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Pennsylvania primary election 2022: 5 takeaways from Republican gubernatorial debate

Five GOP candidates appeared at Spotlight PA's gubernatorial debate.
Five GOP candidates appeared at Spotlight PA's gubernatorial debate.

(Spotlight PA, Harrisburg) — Five of the nine Republican candidates running to be Pennsylvania’s next governor participated in a debate hosted by Spotlight PA and its founding members Tuesday, aiming to differentiate themselves in a crowded field and make an impression on a largely undecided electorate.

Senate President Pro Tempore Jake Corman (R., Centre), Montgomery County Commissioner Joe Gale, political strategist Charlie Gerow, former U.S. Rep. Melissa Hart (R., Pa.), and surgeon Nche Zama answered questions on issues including no-excuse mail voting, infrastructure, education, energy, and abortion.

The other four candidates — including  poll frontrunners state Sen. Doug Mastriano (R., Franklin) and ex-U.S. Rep. Lou Barletta (R., Pa.) — demanded a partisan moderator and did not participate.

All nine will appear on the May 17 primary ballots, as will Pennsylvania Attorney General Josh Shapiro, who is the only Democrat running for his party’s nomination. Democratic Gov. Tom Wolf is prevented by statute from seeking another term.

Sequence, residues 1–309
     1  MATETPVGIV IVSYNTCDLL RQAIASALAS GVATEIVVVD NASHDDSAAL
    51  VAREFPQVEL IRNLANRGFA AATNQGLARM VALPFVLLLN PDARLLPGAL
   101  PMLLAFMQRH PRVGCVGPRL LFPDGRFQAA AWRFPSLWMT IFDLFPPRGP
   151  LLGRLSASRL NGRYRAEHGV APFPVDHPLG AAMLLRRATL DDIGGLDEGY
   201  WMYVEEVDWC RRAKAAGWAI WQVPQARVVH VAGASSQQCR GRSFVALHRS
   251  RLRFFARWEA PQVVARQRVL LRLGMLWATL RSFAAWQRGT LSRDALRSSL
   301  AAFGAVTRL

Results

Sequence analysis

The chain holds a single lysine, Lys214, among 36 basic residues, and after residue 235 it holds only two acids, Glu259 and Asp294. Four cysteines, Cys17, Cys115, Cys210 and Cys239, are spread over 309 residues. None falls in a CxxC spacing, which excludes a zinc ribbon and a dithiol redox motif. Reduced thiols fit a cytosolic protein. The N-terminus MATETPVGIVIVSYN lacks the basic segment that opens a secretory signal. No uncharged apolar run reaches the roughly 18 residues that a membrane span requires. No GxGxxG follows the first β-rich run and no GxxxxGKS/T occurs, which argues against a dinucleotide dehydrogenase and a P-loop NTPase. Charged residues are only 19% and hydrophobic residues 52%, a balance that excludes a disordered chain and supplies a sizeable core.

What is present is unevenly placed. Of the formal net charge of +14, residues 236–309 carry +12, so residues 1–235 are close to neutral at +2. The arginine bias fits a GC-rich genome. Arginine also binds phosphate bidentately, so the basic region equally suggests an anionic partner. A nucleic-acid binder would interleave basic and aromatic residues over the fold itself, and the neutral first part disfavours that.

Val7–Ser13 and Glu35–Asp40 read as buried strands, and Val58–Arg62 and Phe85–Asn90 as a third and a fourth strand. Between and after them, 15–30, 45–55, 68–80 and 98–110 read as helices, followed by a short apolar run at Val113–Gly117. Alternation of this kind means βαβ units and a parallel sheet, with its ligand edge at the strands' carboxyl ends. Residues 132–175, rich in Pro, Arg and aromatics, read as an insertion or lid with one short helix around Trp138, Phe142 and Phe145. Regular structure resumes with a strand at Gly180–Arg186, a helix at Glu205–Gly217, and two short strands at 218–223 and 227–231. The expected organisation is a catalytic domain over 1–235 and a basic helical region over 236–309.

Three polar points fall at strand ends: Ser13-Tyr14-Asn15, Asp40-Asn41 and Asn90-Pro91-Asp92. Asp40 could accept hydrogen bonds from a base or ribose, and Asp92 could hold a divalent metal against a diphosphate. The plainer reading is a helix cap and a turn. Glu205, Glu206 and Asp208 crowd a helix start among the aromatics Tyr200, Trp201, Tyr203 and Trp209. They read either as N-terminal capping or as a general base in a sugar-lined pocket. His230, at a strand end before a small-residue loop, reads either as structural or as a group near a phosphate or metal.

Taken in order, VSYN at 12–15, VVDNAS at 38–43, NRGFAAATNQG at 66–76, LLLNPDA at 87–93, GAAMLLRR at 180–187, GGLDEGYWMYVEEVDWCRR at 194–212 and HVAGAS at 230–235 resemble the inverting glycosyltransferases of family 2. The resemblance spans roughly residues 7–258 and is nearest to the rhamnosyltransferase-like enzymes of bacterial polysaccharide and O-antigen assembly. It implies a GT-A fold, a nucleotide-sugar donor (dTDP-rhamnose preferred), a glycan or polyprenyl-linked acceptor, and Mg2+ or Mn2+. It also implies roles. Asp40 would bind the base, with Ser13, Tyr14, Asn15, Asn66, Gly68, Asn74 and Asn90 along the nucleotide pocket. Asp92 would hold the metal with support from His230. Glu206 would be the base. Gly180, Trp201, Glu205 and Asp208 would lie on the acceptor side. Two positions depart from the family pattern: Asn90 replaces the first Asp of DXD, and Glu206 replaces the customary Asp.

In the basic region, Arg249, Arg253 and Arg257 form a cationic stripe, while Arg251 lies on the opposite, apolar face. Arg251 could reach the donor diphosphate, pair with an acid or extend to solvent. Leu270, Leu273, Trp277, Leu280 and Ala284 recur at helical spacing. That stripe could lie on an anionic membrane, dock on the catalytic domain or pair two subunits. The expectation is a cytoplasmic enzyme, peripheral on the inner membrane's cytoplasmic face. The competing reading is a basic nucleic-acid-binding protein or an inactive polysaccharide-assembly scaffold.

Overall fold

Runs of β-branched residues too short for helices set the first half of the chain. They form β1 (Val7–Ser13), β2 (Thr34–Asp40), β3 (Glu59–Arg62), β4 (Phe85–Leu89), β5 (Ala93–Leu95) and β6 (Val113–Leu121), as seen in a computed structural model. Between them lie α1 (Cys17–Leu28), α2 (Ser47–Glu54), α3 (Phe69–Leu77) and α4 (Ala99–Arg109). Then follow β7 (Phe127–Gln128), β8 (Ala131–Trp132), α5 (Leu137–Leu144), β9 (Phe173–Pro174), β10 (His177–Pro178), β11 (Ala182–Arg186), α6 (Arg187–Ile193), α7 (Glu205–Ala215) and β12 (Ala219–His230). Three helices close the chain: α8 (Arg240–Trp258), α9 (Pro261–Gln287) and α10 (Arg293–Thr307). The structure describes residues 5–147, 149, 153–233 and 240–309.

Here are the key takeaways from the debate, which can be viewed  here:


Act 77, a bill passed with bipartisan support in 2019 that instituted no-excuse mail voting, was unanimously condemned by the candidates at the debate.

They said it enabled fraudulent voting, a debunked claim. They also cast aspersions about the use of ballot drop boxes, pointing out two instances in which ballots were dropped off by someone other than the voter. While that is illegal under current law except for voters with disabilities or in the case of an emergency absentee ballot, it does not mean the ballot itself was invalid or fraudulent.

Corman, who voted for the bill in 2019, now says he would repeal it because Wolf and the courts interpreted it in ways with which he disagrees. Hart previously sidestepped the question, saying she would need to conduct more research before committing to a position, but confirmed during the debate that she would repeal the law.

Better roads and bridges, but different paths

All of the candidates stressed the importance of improving the conditions of Pennsylvania’s roads and bridges, but they disagreed on how to accomplish that task.

Corman said Pennsylvania should use more general fund dollars for the State Police budget rather than take money from the Motor License Fund, which is intended for road and bridge repairs.

Hart and Gale targeted unions and said they would get rid of prevailing wage rules, which require contractors to pay their employees based on minimum wages set by the state department of labor. Hart also said she would use COVID-19 relief money to improve infrastructure.

Gerow said he would use COVID-19 relief money to lower the gas tax, while Zama claimed the problem lies in efficient management of funds.

Public vs. private schools